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Beam supported by a pulley

  1. Oct 19, 2014 #1
    1. The problem statement, all variables and given/known data
    Ho3pV26.jpg
    [Ans: FA = -206i + 188j lb, T = 131 lb]

    2. Relevant equations
    Since it's assumed that the system is in equilibrium, so I assume that ΣF=0 and ΣM=0

    3. The attempt at a solution
    I tried to draw a free-body diagram for the system, and set up three equations below:
    nX4yG9y.jpg
    (I don't know the direction of FA yet, so I assume that both components are in positive direction)
    ΣFx = FAx + Tcos45° + Tcos30° = 0
    ΣFy = FAy - 150 - W + Tsin45° + Tsin30° = 0
    ΣMz [Moment centered at A] = (16)(-150 - W) + (40)(Tsin30° + Tsin45°) + (6)(Tcos30° + Tcos45°) = 0

    When I solved the third equation to find tension T, it didn't give me the right answer, I am not sure which part I did wrong, maybe I missed some forces on the free-body diagram, so I made a wrong equation of ΣMz?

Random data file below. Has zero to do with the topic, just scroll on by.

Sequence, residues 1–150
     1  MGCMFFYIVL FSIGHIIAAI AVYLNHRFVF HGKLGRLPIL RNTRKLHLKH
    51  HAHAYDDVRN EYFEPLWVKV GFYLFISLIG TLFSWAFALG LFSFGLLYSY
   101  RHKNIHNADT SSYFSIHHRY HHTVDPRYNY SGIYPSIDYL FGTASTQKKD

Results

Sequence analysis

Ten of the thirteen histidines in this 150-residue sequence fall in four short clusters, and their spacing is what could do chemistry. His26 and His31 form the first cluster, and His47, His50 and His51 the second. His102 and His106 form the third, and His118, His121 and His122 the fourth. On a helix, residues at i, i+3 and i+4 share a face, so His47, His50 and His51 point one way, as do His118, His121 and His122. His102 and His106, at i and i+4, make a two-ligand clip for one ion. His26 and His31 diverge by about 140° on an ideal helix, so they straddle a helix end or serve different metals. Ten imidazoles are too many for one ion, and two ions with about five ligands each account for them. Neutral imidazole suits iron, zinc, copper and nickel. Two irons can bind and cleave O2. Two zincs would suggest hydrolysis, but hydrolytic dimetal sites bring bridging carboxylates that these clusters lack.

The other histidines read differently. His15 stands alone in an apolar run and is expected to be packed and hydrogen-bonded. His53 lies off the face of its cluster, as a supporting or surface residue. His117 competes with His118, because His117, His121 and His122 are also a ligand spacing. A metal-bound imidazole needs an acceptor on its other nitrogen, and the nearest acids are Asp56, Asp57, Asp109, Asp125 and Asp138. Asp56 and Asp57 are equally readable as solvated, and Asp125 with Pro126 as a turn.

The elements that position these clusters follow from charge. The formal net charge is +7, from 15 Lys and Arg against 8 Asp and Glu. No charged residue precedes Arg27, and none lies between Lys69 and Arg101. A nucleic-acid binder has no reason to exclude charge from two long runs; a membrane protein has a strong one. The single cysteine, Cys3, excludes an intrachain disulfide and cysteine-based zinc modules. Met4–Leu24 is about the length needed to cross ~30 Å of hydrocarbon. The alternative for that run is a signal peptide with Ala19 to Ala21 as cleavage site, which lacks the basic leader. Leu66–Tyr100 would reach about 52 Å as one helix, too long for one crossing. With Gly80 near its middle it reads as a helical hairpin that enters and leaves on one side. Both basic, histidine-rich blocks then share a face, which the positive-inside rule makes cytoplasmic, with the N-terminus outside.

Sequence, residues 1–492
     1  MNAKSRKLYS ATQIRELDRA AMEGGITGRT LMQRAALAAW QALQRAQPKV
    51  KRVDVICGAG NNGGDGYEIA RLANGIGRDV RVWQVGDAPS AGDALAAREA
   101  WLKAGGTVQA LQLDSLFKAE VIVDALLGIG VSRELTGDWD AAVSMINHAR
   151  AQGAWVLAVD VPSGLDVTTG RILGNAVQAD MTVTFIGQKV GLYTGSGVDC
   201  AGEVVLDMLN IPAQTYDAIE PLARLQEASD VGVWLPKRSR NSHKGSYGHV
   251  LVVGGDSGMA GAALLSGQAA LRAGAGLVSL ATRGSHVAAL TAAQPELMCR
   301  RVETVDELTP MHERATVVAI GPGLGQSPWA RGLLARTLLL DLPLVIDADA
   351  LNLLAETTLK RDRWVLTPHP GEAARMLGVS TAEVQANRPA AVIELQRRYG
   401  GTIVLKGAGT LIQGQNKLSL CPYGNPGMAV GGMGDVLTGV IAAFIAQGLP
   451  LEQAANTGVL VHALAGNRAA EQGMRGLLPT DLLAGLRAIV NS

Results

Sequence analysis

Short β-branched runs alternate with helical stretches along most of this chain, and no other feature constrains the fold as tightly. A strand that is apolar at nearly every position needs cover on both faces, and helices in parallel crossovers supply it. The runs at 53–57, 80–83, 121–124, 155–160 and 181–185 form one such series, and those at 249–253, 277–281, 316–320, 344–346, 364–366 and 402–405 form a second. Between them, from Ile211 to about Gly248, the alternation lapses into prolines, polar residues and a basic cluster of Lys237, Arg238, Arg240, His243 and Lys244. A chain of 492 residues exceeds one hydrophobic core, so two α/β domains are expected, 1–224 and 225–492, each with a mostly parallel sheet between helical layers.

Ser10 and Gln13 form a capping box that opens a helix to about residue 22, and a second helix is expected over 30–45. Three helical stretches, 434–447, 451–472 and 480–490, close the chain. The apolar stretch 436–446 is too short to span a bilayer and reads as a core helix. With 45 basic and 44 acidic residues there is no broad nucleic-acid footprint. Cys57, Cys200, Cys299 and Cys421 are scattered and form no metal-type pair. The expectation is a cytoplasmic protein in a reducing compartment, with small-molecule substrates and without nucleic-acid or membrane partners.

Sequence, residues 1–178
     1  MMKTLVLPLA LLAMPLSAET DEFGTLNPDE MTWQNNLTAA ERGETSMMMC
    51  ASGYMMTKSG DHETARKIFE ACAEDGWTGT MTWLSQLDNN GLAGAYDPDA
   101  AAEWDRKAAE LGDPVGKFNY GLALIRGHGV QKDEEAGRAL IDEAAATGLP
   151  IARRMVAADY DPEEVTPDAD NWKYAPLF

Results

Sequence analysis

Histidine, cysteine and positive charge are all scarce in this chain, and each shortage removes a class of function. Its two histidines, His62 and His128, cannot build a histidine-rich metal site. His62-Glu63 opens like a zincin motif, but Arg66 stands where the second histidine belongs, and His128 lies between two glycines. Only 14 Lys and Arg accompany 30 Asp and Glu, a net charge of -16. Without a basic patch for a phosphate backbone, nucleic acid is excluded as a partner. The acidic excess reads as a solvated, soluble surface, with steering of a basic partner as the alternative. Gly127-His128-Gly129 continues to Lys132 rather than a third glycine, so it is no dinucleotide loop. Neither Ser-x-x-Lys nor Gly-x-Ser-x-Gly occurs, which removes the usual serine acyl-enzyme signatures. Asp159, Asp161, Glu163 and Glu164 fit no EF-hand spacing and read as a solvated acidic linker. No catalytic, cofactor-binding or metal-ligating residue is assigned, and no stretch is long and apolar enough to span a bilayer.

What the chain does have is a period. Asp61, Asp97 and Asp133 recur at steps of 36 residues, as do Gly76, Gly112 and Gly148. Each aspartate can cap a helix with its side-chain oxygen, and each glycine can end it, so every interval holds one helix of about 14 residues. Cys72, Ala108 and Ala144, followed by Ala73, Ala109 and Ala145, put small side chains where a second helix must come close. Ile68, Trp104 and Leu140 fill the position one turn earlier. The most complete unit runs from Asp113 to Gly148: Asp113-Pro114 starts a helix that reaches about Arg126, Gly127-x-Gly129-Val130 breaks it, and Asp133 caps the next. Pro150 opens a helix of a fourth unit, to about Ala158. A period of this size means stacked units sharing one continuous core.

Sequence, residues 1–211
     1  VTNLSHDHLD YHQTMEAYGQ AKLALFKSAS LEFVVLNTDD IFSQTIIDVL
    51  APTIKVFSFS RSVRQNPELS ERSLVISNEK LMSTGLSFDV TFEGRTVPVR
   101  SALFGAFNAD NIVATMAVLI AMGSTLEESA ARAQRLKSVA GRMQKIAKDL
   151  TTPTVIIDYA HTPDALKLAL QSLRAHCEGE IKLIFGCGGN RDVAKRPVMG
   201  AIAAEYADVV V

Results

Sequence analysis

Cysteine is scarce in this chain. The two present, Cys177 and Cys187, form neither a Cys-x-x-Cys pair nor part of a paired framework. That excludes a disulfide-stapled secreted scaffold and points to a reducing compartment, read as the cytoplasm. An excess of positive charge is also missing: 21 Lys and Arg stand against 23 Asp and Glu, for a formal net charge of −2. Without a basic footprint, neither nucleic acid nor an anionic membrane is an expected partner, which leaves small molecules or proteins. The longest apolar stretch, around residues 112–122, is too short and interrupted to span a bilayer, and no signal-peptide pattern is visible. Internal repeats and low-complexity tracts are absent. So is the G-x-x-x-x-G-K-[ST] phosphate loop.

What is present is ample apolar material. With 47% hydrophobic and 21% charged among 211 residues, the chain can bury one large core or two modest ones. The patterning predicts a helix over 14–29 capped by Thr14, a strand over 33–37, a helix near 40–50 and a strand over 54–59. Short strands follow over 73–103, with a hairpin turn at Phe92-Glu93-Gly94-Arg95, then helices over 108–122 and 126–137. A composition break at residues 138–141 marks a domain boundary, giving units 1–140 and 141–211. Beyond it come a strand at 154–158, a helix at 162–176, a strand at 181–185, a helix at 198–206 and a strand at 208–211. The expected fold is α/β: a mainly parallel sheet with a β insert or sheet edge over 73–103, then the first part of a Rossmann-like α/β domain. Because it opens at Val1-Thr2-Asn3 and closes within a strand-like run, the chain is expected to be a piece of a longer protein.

Any hints or approaches are much appreciated.
     
  2. jcsd
  3. Oct 19, 2014 #2

    NTW

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    In the FBD, and when calculating the moments, you don't put W = 20 kg at mid-point along the beam...
     
  4. Oct 19, 2014 #3

    SteamKing

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    To clarify what NTW was trying to tell you, you somehow neglected to include the weight of the beam in your equations of static equilibrium.
     
  5. Oct 19, 2014 #4
    I think I had included the weight of the beam in FBD and equations, but maybe NTW is trying to tell me that the weight should be in another point along the beam?
     
  6. Oct 19, 2014 #5

    SteamKing

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    If the beam has a mass of 20 kg, then the weight in lbs is easy to calculate. (Hint: using 2 lbs/kg is not really acceptable. 2.2 lbs/kg is more accurate)

    If the beam has a uniform cross-section, then using a c.g. of 16 in. from A is not correct either. The c.g. of a uniform bar is going to be half its length, as measured from one end.
     
  7. Oct 19, 2014 #6

    NTW

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    Exactly. Mid-point, as it's a uniform beam...
     
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